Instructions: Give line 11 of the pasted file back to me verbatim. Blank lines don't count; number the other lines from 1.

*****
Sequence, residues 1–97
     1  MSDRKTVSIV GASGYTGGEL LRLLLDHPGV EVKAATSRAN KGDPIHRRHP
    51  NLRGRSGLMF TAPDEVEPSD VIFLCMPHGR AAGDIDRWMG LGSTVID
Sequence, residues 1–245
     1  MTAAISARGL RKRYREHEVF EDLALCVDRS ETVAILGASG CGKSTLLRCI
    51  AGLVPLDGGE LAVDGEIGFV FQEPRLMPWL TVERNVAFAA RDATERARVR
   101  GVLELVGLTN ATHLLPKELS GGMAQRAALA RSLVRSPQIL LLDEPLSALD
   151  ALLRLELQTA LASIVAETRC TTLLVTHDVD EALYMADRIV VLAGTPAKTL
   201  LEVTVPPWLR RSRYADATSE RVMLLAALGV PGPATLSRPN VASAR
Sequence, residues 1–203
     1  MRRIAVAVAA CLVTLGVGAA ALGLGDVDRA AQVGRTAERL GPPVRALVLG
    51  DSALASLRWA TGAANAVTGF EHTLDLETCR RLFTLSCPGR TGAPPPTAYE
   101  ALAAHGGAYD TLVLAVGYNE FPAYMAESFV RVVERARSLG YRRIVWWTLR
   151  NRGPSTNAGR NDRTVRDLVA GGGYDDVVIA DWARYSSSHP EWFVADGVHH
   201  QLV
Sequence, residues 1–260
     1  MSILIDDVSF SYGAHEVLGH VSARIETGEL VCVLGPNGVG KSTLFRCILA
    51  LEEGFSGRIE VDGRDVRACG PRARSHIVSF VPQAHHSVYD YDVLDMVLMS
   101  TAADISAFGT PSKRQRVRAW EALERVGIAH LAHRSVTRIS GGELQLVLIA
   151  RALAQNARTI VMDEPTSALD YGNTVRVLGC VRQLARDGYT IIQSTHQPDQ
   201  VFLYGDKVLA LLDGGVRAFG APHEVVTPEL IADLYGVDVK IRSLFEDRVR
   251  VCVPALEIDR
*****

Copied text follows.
     1  MRRIAVAVAA CLVTLGVGAA ALGLGDVDRA AQVGRTAERL GPPVRALVLG